Interview: Life in Sudan during the current conflict

Tristan Brady, Sarah Fitzpatrick & Badia Wahab

30 May 2023

Recently, we interviewed Zuelkefl, a 23 year old man living in Sudan who gave us an insight into what life is like for people living in Sudan during the current unrest.

Keep reading to learn more about Zuelkefl, the current living conditions in Sudan and the every day issues now facing ordinary Sudanese people and how people around the world can help.

Tell us a little about yourself.

"My name is Zuelkefl and I am a 23 years old university student in Sudan who has not completed my studies yet due to the political upheavals in Sudan since the outbreak of the revolution in December 2018.

I have an account on Twitter where I cover events in Sudan since the outbreak of the revolution. I share all news about protests, revolutionary movements, and everything that matters to the ordinary Sudanese citizen. I convey it with sincerity, especially after the increase in fake news and many people spreading a political agenda that does not meet the desires of the people. I represent their voice in my account. Currently, after the outbreak of the war, I am helping to spread awareness about the needs of Sudanese people (medicine, housing, transportation, consultations, etc.). My friends and I also collect and distribute donations to those in need."

Are you currently living in Sudan, or when did you leave Sudan?

"Yes, I currently live in Sudan, specifically in the east of Sudan. I live with my small family. We left the capital, Khartoum, on April 19th, the fourth day of the outbreak of the war. The situation had become too dangerous and bullets started coming through the windows. It was our duty to ensure our safety and leave."

How do conditions look in Sudan at the present time?

"At present, Sudan is experiencing difficult economic conditions, especially the residents of the capital, Khartoum. After many of them were displaced and lost their jobs, leaving them without a source of income. From a security perspective, Khartoum has become unsafe due to the war, and your life can be in danger at any moment.

In terms of basic necessities like electricity, water, and food, it has become extremely difficult to obtain them. There are areas where electricity has been cut off since the outbreak of the war more than 40 days ago, and there are also frequent power outages in many areas that can last for several days. Currently, there are many displaced people who have sought refuge in the states due to the massive overcrowding, which has led to skyrocketing prices of apartments and houses. Additionally, many others are still present in Khartoum because they cannot afford the cost of travel or do not have a place to go to."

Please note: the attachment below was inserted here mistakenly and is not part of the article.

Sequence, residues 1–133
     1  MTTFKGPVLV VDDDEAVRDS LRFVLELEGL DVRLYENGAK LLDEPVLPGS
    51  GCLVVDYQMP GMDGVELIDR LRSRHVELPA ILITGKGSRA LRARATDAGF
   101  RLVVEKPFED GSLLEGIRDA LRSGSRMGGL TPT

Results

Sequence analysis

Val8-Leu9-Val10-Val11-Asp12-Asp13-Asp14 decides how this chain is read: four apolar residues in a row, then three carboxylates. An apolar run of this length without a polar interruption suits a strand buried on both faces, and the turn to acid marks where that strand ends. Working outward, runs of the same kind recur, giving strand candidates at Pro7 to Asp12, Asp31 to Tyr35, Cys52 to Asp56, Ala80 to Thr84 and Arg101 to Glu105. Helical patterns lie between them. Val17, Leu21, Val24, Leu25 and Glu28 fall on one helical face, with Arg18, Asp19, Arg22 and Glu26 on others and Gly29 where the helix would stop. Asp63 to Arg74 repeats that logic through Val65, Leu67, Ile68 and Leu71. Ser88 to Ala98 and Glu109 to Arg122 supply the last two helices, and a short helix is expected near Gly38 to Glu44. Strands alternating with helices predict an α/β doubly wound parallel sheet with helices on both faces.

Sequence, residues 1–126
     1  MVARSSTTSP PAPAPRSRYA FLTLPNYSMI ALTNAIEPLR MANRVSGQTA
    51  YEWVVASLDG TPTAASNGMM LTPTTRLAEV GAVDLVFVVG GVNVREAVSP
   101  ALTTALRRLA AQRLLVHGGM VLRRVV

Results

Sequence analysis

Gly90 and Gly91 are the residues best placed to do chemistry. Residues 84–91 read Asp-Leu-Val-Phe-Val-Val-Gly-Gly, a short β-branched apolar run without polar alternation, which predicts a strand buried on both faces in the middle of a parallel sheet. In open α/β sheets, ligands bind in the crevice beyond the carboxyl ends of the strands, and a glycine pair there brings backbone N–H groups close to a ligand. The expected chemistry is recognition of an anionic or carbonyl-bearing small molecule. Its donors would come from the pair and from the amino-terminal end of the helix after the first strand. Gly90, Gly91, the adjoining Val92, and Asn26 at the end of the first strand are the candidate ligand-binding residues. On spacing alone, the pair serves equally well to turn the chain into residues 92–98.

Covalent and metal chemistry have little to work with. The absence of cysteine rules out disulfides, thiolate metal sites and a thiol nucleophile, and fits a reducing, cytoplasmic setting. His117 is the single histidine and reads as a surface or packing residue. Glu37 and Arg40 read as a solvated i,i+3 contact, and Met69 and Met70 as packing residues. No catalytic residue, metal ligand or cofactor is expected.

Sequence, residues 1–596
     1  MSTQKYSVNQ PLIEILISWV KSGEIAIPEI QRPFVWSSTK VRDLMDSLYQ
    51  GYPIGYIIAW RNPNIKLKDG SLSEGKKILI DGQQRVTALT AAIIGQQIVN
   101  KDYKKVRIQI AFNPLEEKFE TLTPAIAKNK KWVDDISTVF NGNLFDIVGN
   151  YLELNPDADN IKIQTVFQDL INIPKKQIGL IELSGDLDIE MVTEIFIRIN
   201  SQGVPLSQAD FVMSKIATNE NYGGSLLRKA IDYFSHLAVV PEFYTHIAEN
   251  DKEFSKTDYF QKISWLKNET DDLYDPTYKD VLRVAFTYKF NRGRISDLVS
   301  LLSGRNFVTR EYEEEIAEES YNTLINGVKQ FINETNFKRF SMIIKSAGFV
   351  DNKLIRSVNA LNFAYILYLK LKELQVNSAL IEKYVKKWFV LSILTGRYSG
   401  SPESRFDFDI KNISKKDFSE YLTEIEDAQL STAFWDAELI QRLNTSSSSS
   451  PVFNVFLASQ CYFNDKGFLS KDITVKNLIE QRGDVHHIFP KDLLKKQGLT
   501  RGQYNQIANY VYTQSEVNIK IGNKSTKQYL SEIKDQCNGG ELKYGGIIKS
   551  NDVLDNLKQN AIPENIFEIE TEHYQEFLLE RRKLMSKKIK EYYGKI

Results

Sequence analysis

What are the biggest problems people face every day in Sudan?

"One of the biggest problems people are facing currently is the uncertainty about the duration of the war. They all wish to return to their homes due to the devastating economic deterioration that occurred in a short period of time. There has been looting, killing, and the loss of many possessions, and now they fear how they will not make ends meet after losing their jobs and livelihoods. On the other hand, they are also struggling greatly with electricity, water, fluctuating communication networks, and occasional disruptions in banking payment applications."

Do you have family or friends still living in Sudan? If so, how are they?

"Currently, all members of my family have left the capital Khartoum. Some have displaced to safe states within Sudan, while others have left the country."

How can people around the world help the people of Sudan?

"People can help the Sudanese by providing medicines as they have become extremely scarce, and we are losing many patients due to the lack of medication. We also hope that people can support Sudanese, even with a word of encouragement, and amplify their voices because they are suffering and living in harsh conditions."

In what ways does sending mobile recharge help people in Sudan?

"Sending mobile recharge to Sudan helps keep people in contact. There are prepaid recharge cards available for purchase in some stores, but they are somewhat difficult to obtain due to the suspension of new card production by telecommunications companies. There is a shortage in obtaining prepaid recharge cards, specifically for the Zain network so sending recharge to Sudan has never been more beneficial to people. As for Sudani and MTN networks, currently there are no functioning methods to purchase credit as all systems are not operational."

Ding are working alongside Zain to make sending mobile recharge to Sudan as easy as possible. If you are trying to keep in contact with someone in Sudan or are looking to help keep them connected, click the button below to send Zain Sudan mobile recharge in seconds.

We have also made a donation to Unicef who are working tirelessly on the ground in Sudan to help children and displaced families who have been affected by the crisis. Visit Unicef’s website today to see how they are helping or to make a donation.

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Interview: Life in Sudan during the current conflict